Now when I enter Starbucks, it’s a completely different environment. It’s not the “third place” environment it’s supposed to be, but it is what the customers want: a drug shop. They’re guzzling caffeine and plugging in. The caffeine hastens their pace when typing and texting; they must have tired hands. They meet their friends at Starbucks, then sit in silence, laptop-to-laptop instead of face-to-face, studying over instant messenger instead of breaking that new Starbucks silence.
It doesn’t come as a surprise to me that coffeeshop culture has rapidly evolved from a vibrant meeting house of spirited conversation and activity to a public place where people can still isolate themselves from others via their personal tech devices. As far as Starbucks is concerned, I’m only surprised that it hasn’t happened sooner, given the customer base the company attracts (high school and college students, urban office workers). Clapper makes the assumption, however, that this change is a corporate coffeeshop trend – at the end of the article, she cites choosing to meet a friend at an independent coffeeshop so they are free to converse without fear of the icy glares bouncing off laptop screens and IPhones. But depending on the independent she chooses, she might face the same tech-oppression.
While I’ll grant that many independent coffee houses have the environment Clapper is going for, she is ignoring the entire class of independents that are just as tech-friendly and conversation-defiant as Starbucks. Squirrel Hill’s 61C, for instance, is far more about giving local college students and professionals a place to get caffeinated and utilize a strong wireless signal then it is about about guitar-strumming musicians playing underneath the din of overlapping conversations, laughter, and shared experience.
There is very little bohemian about the 61C, and I don’t say this as a negative, necessarily, just as a fact. It has a clean, polished interior with little square tables and wooden chairs plotted in a strategic manner so as to allow as much seating as possible. It has a nice, streamlined counter with a display case for baked goodies and a fine selection of coffee drinks, tea, and other cafe refreshments. It does have an outdoor patio, a little nook cradled by a protective wall of cement blocks and sunflowers. Still, it is a cafe largely set up for people who need to spend some time in front of their laptops, often times while checking their phones and listening to music on their Ipod.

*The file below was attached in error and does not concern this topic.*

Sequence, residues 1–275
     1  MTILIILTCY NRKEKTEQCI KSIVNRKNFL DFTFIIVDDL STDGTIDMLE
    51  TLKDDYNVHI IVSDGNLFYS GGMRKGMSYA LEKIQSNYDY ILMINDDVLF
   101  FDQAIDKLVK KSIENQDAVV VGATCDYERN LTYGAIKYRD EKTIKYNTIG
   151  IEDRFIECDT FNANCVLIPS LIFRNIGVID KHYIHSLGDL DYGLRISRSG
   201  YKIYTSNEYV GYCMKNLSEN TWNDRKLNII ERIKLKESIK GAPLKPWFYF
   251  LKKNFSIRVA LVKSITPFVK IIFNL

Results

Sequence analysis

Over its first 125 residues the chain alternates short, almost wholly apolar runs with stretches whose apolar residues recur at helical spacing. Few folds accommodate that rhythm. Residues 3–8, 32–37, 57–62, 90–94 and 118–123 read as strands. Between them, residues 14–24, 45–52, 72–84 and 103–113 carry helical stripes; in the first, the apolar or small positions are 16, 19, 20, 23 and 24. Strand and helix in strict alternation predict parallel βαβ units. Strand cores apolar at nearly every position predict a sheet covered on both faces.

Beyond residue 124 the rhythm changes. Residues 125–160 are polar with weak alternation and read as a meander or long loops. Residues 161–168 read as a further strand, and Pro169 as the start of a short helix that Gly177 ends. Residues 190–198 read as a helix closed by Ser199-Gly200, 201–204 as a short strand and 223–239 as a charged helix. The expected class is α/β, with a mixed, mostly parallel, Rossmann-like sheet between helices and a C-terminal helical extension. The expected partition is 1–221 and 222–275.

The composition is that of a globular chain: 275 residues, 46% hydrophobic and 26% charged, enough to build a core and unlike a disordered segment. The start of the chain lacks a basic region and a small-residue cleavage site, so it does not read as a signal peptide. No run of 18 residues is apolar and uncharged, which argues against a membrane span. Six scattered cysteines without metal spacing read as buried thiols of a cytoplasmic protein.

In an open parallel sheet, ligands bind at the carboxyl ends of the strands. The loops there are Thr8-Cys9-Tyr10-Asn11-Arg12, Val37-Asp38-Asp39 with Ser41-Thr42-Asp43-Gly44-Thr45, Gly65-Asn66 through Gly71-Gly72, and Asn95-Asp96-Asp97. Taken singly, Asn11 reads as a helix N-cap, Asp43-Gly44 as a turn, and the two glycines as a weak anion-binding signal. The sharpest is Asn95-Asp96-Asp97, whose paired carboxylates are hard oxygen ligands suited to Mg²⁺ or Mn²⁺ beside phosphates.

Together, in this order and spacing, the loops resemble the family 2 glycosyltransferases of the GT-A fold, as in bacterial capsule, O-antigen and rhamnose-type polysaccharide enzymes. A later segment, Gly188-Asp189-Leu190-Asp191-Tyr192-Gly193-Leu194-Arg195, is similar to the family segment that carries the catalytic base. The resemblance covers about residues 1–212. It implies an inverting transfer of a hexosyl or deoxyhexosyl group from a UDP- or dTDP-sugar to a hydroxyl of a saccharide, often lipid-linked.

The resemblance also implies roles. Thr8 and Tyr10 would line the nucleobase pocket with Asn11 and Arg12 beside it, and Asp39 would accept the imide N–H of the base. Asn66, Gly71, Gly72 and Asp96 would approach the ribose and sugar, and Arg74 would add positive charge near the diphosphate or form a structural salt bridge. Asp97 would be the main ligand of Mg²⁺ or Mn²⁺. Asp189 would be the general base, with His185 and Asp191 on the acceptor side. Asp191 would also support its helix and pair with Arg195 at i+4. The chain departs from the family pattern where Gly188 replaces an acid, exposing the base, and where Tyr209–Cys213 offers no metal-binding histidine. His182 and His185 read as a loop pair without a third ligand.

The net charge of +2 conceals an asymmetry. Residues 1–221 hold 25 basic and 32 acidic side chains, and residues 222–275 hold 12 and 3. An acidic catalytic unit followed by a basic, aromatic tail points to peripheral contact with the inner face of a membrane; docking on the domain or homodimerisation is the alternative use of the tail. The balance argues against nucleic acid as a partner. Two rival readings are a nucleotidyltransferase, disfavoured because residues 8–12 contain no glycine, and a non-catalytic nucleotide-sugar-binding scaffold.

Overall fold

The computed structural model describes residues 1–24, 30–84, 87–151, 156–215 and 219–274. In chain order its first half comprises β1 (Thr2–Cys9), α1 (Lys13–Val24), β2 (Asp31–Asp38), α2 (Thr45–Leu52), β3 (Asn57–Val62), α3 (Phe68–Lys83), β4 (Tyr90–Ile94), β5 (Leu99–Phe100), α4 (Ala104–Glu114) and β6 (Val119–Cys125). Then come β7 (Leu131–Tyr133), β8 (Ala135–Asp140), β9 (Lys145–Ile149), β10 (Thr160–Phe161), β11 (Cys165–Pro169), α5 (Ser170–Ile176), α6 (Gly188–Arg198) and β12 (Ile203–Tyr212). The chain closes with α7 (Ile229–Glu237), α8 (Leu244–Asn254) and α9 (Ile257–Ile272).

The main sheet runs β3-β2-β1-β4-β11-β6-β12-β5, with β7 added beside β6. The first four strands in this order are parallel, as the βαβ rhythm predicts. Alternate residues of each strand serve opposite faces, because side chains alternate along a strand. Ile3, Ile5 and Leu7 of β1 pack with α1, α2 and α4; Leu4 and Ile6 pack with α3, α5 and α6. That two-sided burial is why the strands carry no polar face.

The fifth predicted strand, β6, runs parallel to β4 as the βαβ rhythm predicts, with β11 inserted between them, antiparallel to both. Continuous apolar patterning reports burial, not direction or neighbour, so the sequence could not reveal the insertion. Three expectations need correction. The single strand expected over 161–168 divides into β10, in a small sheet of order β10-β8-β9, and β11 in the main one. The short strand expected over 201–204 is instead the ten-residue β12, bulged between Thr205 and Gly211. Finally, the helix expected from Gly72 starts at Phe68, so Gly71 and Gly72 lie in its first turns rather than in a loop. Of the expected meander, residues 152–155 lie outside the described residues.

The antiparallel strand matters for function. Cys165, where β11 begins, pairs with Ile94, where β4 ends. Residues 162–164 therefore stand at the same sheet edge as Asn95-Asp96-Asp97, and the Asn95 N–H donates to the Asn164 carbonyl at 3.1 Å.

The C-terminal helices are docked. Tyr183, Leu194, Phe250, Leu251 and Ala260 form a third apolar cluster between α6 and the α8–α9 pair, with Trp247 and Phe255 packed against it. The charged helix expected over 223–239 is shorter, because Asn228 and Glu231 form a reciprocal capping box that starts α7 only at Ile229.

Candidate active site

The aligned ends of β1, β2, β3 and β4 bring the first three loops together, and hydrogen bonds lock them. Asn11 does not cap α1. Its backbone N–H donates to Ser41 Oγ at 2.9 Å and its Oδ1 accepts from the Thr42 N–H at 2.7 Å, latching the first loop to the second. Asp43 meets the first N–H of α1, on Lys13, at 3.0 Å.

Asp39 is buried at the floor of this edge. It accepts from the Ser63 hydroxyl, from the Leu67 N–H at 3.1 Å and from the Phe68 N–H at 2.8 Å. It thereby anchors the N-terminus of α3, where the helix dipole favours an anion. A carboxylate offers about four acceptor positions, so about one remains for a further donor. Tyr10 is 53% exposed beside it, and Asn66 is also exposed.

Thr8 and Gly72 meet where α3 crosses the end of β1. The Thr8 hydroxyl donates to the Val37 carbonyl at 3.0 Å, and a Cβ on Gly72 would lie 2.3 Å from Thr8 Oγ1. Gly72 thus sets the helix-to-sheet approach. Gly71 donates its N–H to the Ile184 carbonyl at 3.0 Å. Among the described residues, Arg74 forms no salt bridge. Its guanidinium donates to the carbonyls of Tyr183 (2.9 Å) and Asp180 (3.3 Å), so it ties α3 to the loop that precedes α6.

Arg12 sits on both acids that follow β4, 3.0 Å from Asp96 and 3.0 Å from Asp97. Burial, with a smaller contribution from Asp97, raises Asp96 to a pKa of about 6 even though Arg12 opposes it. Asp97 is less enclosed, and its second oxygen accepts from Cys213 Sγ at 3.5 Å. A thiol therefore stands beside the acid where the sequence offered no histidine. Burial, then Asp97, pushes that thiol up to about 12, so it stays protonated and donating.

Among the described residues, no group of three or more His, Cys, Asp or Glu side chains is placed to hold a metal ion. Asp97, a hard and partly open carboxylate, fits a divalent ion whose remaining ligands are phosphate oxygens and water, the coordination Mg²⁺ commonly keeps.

Unlike Clapper, I don’t believe that this is a corruption of the intention of the coffeehouse. It takes all kinds. While I can identify a few coffee places in the city that largely serve the laptop crowd, I can name far more that are striving to create the ideal third place for locals to gather. Neither one is inherently better than the other (you can’t even really say that one neighborhood’s Starbucks is worse than another neighborhood’s indie coffeehouse, because, as it is in coffee itself, it’s all about personal preference and taste), and both are incredibly useful to a community.
I used to mock places like the 61C because the idea of people congregating just to use their computers without sharing a single word struck me as absurd. Then came my senior year of college, and I spent at least three hours of every day at the local Eat’n’Park, leeching wireless, chugging coffee, trying to pound out page after page of thesis. I could have tried to work at home, or I could have stayed on campus to work, but truthfully, I needed a transition place to do my writing, a place that was clear of the complications tied with either home or school’s responsibilities. I needed more from my third place than social contact – I needed a bit of peace.
The idea of the third place is evolving with the culture. It used to be that people needed a place to gather. Now that we have many, many spaces for gathering, we have a better variety in the kind of gathering we choose to do. Sometimes that means large groups of people interacting in a personable way – talking, shouting, singing, dancing, laughing. Sometimes that means a group of people choosing to share space while fulfilling the other needs they have. It’s the fact that we have these places at all, that if we need them, they are available to us.